Sounds like a once-in-a-lifetime opportunity to get bargain shares!
419 posts • joined 14 Oct 2015
Sounds like a once-in-a-lifetime opportunity to get bargain shares!
Top of mind for any business will be to ask how adopting IPv6 will drive revenue or reduce cost. So far, there's no universal answer to either question.
Really, Big John, you're going to pick George Zimmerman's murder of an unarmed man as the example you want to use? I swear you actually must be a walking false flag operation.
I'm assuming the NRA will now step in to defend his right to export weapons parts out of the country, out of their deep commitment to a well-regulated militia.
Based on the contents of this comment thread alone, it seems pretty evident that the requirements, implications, and implementation of GDPR are all quite clear and well-understood, so I expect there to be no issues whatsoever when it goes into effect.
"...definitely does NOT repel the opposite sex."
But then you start talking ...
Say it with me now: "The plural of anecdote is not 'data.'"
You know Trump would never be able to wield Excalibur with those tiny hands of his . . .
Instead you get your promised grim cyberpunk dystopia ruled by unaccountable multinational corporations. Enjoy.
Nobody does identity politics like white males.
"Why am in not getting preferential treatment because of my sex and skin color?"
You are, and you don't even realize it. That's pretty much the point of promoting diversity.
He's already appeared in front of Congress; why bother to appear in front of some piddling state government?
To the downvoter: you're quite right. Most likely, they'll buy EMC, just because they can. Not that Pure would have any use for that lumbering dinosaur, mind you ...
Yes, by all means, let us deny clinicians more effective tools because you don't like them.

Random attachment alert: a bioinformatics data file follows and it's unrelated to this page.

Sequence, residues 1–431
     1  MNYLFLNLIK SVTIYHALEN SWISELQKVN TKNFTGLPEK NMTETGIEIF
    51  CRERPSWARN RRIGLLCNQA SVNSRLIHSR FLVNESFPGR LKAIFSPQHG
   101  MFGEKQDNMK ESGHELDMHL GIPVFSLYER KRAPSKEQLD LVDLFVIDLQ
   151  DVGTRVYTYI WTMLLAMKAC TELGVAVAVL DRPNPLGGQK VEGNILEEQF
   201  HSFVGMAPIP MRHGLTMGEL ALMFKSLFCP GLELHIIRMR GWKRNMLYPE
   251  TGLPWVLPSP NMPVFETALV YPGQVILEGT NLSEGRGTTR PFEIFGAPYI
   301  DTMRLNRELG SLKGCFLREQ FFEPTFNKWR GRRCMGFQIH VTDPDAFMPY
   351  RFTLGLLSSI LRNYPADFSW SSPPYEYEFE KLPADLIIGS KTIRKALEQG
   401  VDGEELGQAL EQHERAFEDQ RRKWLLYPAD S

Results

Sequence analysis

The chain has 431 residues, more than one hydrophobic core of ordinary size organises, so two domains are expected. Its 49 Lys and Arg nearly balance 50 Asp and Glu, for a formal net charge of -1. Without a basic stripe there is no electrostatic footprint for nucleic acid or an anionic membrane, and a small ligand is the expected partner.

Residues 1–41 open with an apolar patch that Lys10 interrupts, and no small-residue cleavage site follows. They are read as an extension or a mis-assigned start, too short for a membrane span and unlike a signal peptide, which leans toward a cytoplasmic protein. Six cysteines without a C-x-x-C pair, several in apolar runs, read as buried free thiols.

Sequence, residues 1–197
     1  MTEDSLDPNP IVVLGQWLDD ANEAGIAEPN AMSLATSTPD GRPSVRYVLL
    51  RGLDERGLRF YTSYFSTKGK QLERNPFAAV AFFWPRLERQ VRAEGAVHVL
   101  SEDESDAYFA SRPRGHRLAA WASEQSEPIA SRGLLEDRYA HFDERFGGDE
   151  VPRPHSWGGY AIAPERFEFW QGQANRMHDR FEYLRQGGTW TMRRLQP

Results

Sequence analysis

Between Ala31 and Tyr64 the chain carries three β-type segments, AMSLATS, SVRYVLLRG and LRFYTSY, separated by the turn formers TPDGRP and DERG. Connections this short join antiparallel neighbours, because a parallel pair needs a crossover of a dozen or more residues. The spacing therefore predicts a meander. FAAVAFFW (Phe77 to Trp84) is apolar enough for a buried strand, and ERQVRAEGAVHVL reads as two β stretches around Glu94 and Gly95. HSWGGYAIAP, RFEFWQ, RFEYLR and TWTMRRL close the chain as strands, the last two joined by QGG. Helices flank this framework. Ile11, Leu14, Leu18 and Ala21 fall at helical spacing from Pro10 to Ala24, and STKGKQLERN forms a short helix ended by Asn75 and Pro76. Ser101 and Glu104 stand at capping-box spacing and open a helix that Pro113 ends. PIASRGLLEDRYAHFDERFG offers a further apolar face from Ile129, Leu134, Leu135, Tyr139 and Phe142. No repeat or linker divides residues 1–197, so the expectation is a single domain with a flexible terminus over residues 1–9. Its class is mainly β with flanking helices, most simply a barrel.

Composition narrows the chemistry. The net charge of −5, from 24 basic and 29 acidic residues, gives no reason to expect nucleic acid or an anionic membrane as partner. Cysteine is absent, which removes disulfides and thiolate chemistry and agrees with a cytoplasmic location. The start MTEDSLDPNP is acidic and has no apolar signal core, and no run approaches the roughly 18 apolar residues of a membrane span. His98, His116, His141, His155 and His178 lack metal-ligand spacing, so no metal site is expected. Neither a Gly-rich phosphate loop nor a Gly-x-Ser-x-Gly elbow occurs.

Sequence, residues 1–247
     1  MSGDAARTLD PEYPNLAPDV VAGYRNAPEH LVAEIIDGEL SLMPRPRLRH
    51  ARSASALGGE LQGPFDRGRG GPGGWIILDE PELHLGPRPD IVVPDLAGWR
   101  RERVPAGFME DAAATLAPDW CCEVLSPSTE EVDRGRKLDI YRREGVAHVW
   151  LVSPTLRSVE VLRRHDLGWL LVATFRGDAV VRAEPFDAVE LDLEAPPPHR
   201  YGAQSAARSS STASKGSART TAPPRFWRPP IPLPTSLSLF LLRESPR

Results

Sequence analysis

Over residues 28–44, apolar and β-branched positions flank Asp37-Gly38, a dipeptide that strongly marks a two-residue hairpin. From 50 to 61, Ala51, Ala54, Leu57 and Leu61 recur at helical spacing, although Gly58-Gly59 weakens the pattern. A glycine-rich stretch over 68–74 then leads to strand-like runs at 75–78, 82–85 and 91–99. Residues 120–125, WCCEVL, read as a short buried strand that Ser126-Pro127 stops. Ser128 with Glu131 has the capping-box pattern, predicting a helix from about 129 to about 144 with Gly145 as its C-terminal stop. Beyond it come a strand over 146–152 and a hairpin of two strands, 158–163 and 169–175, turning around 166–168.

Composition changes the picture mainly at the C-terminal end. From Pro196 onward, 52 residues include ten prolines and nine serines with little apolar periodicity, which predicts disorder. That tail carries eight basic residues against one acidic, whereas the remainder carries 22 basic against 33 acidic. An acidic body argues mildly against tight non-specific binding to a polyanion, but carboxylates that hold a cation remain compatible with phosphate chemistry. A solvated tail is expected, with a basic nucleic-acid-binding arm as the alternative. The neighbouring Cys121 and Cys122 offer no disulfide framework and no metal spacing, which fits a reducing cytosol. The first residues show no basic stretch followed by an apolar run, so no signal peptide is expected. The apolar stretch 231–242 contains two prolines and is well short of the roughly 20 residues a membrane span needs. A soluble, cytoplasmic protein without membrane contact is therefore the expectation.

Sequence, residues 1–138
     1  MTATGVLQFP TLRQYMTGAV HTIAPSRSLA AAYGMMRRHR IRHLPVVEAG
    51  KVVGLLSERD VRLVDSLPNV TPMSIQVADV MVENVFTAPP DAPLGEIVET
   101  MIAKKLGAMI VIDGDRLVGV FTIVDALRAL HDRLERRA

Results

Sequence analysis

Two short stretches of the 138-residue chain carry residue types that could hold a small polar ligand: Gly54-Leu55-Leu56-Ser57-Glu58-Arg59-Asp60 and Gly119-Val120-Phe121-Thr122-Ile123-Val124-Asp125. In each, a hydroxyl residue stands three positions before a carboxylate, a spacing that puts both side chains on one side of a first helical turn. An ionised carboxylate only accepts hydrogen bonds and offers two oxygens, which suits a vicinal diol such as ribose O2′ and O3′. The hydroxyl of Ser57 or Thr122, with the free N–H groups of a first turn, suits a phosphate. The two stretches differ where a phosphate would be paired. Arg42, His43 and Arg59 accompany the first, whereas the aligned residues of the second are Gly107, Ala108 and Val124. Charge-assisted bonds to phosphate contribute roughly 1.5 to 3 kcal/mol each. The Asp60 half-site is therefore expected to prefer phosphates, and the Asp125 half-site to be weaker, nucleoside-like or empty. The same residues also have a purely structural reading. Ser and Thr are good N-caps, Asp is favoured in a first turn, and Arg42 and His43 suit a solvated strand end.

5 to 1, baby,
One in five
No one here
Gets out alive
It annoys you, so I'm all for it.
No, seriously. Unfortunately, I suspect the business leaders of New York will explain how they could just as easily pack up and move their businesses to New Jersey, and that will put an end to this plan.
Yet you cared enough to a) read the article and b) comment. How hard would it have been to read the headline, say, "Nope, don't care," and move on?
Who's up for a cross between Old Man's War and Battle Royale?
So paint a mustache on the nose of each aircraft. Problem solved!
So, like Violin Memory, then? Let's just see how they're doing ... oh.
So well that Dell EMC killed it!
Here's the thing about these ultra high-speed drives . . . what are you putting them in? If it's a standard controller-based array, the controller will run out of performance before your drives do, so an array of lower-speed drives will actually serve most workloads just fine. If you're using NVMeOF, that may be a different story, but for a lot of workloads, this drive will be perfectly adequate and massively superior to old-school spinning rust.
Microsoft fanboys vs. Google fanboys. I can't even . . . and I don't say that lightly.
Tintri has seemed rudderless, pouring a lot of resources into Tintri Global Center and not putting enough effort into sales, in my opinion. The core product, the VMstore, is absolutely top-notch, and I think Tintri would really benefit from expanding upon its strengths and improving integration with vCenter and Hyper-V. TGC doesn't solve a problem that I have, although other customers may disagree.
Also, with the "all flash" designation, hopefully they'll quit being lumped erroneously into the same product category as Nimble and Tegile.
Ah yes, agile development!
Agreed, this is the thread where commentards' heads explode from cognitive dissonance. "Women! Microsoft! Women! Microsoft! For whom do I have more contempt?!"
"It will be interesting to see how Dell can ignite momentum in traditional storage in fiscal 2019."
Spoiler alert: they can't. Traditional storage is dead; it's all-flash, all the way.
Can we just have an end to software patents?
1) Over promise
2) Under deliver
3) Charge usurious license fees to use the hardware
4) Ramp up support costs as the hardware ages, driving up cost of ownership exponentially
5) Slander competitors with FUD during sales presentations